Fast fashion describes the process of rapid clothes production sold at a very low price point with the main aim of short-term use. Sustainable fashion on the contrary is the process that considers the whole production cycle of the clothing. It encompasses everything from the fashion design, the origination and sourcing of the materials, the production methodology and then finally but most importantly it then considers anyone, every living thing and its surroundings that are consequently affected by this process. This can be a community, an ecosystem, a food-chain, workers, children and the environment we live in. Sustainable fashion is a “reverse engineered” approach to fashion and thus, it is rather complex and can be quite costly to set into motion and implement. This has not impeded many brands from addressing the issue though, and it is now becoming the one of the staple considerations of many brands worldwide. Not only fashion brands. These are the five imperative issues being addressed in the fashion industry right now.

Water waste and usage

Despite it being a Blue Planet, fresh water is now becoming a scarce resource. The need for fresh water for agriculture and consumption is slowly surpassing more than there is readily available. Yes, even though the earth has large tracts of water, these tracts of water are salty or polluted. Therefore, it is only logical that we look at ways to recycle water and reduce how much water is used in production processes. Triarchy is sustainable brand that has perfected this to a T, using ingenious techniques. They avoid water wastage and spearheaded the “how much water are you wearing campaign”.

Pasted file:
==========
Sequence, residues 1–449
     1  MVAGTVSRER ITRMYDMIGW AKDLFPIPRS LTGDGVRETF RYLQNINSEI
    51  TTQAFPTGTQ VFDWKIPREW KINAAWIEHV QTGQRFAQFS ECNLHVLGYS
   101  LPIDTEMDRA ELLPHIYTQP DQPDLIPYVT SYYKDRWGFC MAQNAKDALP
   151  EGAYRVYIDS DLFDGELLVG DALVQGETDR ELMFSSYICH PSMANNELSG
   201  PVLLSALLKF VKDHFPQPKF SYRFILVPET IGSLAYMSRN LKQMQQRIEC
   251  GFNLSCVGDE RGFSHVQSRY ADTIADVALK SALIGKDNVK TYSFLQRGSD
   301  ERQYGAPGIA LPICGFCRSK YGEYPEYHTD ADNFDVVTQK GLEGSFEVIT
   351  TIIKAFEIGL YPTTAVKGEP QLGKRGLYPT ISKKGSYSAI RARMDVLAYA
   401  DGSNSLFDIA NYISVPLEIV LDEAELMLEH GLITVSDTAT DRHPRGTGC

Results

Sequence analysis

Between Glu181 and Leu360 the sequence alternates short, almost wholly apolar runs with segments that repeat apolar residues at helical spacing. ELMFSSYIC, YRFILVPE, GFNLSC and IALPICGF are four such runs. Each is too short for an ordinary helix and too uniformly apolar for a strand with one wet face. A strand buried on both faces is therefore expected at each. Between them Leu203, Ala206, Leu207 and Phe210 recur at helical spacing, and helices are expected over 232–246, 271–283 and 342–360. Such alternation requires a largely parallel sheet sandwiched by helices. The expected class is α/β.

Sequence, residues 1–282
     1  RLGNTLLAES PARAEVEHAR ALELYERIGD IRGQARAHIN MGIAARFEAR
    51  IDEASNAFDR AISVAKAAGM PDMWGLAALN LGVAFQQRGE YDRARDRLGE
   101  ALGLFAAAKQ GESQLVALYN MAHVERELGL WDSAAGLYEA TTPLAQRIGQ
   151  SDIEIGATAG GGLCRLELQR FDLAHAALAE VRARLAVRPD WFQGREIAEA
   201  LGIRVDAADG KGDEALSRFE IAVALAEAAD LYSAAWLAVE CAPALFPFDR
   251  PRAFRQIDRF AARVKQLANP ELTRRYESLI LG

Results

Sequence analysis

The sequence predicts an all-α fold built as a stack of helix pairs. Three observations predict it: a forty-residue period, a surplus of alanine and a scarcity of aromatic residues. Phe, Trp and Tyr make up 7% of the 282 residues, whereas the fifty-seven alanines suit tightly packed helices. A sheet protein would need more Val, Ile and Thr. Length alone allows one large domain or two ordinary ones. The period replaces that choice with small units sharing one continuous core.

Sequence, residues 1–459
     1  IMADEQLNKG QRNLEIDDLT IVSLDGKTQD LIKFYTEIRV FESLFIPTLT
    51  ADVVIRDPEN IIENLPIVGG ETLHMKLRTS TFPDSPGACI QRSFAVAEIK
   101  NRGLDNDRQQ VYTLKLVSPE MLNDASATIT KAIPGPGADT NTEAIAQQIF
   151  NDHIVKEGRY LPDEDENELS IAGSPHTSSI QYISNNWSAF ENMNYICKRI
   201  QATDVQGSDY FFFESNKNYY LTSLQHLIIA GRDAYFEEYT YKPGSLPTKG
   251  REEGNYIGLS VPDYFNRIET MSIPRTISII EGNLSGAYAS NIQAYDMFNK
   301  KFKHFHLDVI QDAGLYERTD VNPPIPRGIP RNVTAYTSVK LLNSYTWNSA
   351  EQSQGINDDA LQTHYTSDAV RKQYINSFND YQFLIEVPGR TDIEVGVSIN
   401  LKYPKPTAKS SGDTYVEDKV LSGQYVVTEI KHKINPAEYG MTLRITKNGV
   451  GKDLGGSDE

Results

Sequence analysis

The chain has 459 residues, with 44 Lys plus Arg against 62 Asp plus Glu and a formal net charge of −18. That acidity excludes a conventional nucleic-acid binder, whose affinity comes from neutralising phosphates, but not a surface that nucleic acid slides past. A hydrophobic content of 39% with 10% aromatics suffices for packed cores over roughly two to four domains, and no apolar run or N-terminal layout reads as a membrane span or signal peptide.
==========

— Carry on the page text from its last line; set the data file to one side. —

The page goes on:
Pollutants and chemicals

Chemicals such as dyes and by products from extraction-based production processes not only act as a health hazard to workers. These by-products and pollutants find their way into natural water sources and community supplies of water. We do have filtration-based processes to remove harmful chemicals, but these chemicals affect those who actively work in factories or live in areas where fashion items are produced. Brands and fashion brands are now increasingly being pressured to find alternative of Eco-friendly ways to address contamination via by-products. These may be using different types of dyes or avoiding harmful processes to obtain desired silhouettes or textures.

Clothing lifespan